My dad had that VHS; he showed it at a Star Trek convention and John De Lancie asked if he could buy my dad’s copy. Dad gave it to him for free.
HOCUS POCUS! ABRACADABRA!
Wow, haven’t thought about that in years, but oh yeah, I remember it.
I would say that the cartoon Vehicle Force Voltron is something that has slid into obscurity as Lion Force Voltron is the one people associate and/or overwhelmingly remember the most.
Biker Mice from Mars
Wild West COW Boys from Moo Mesa
I just rediscovered the Beetlejuice cartoon.(available in the Shout! Store, though)
And I want to re-watch Street Sharks (I own on DVD)
I loved the National Film Board of Canada cartoon shorts. The Log Driver’s Waltz is still a lovely song to me…
But for straight up laughs, Richard Condie’s cartoons still got it. Why don’t you go join some kinda shakin’ rock and roll band?!
Haven’t seen this in years! Thanks for sharing it!
There’s a cartoon that I think is from the NFB that was shown in the '70s on an American program called International Animation Festival. (They showed a lot of films from the NFB.) I’d love to find this one, but all I can remember is a scene with the Statue of Liberty singing the famous aria from Madame Butterfly.
That rings a bell. I’ll have to have a look!
We used to show The Log Driver’s Waltz to my daughter when she was little. NFB has a ton of stuff on YouTube and even more on their website. I’m in awe of what they have been able to bring to fruition over the years.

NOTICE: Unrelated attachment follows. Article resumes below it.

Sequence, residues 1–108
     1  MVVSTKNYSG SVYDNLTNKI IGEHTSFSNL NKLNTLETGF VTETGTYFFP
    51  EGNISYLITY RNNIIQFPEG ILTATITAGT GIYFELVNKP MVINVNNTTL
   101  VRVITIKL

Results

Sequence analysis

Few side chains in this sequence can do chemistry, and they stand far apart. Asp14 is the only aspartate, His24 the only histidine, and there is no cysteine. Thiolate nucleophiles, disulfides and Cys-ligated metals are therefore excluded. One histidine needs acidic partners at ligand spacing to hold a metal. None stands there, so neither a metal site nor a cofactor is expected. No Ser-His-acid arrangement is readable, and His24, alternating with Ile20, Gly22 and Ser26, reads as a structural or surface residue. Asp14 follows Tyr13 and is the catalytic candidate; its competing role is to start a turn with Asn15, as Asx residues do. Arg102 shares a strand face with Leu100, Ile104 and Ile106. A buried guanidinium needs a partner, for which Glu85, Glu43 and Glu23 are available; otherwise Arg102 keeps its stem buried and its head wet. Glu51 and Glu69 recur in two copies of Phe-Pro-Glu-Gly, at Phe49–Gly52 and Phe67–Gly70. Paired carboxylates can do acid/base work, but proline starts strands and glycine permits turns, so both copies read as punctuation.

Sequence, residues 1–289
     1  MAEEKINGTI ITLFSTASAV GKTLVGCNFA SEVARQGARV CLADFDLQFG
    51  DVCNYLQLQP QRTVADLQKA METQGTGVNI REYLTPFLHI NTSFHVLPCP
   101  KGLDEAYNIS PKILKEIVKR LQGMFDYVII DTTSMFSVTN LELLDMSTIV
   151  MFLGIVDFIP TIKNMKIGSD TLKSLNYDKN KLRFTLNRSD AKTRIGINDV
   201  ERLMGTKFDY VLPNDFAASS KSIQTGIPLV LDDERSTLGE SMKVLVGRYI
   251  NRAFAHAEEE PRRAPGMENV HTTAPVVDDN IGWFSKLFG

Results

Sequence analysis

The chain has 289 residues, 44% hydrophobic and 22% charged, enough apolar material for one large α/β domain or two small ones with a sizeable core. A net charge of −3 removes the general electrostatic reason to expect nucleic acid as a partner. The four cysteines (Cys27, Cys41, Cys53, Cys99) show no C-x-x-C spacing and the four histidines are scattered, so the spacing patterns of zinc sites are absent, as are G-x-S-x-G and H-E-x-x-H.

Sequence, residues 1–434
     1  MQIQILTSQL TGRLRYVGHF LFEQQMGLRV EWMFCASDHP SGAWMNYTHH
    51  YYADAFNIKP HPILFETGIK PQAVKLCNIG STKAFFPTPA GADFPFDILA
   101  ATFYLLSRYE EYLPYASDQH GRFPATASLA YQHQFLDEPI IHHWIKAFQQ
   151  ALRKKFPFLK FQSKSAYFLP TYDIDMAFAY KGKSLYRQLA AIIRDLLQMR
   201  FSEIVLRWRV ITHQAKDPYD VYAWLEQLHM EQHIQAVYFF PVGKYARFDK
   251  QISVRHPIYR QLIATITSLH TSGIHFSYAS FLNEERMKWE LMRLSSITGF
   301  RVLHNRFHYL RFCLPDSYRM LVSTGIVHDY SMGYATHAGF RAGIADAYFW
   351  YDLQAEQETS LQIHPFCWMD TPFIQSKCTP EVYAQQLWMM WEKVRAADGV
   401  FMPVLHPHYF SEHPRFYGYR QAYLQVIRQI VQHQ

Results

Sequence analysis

There were so many interesting programs on PBS; I managed to track this one down 30 years later, and it’s part of my Christmas tradition now:
Thanks a lot!
They used to play those after the Saturday night Britcoms on PBS just about 10 years ago. Right before the astronomer guy.
Ed Grimley is the best, I must say. Many of these shows can be seen on archive.org.
I’m going to cheat and throw the local PBS station card. The show was All Aboard with Mr. Be, the engineer of the Wonder Train, who worked alongside Poncey the Lion and Troilus the Train-Loving Troll. It was the roots of my lifelong love for puppets. As a bonus, it began in the early 1960s, when The General was touring the nation for the Civil War centennial, and Mr. Be was filmed running the engine for the opening theme.
Would you say Mr. Be was more artificial or was he a Mr. Be Natural?
Forgot to mention, I know these shows will never be seen again because when I was about 12 I asked a producer at the station about the show, and she said they’d played those tapes until the images were worn away and so just erased them all.
He was “Mr. Be” because he could “be” anything. I don’t know what that says about his character or essence.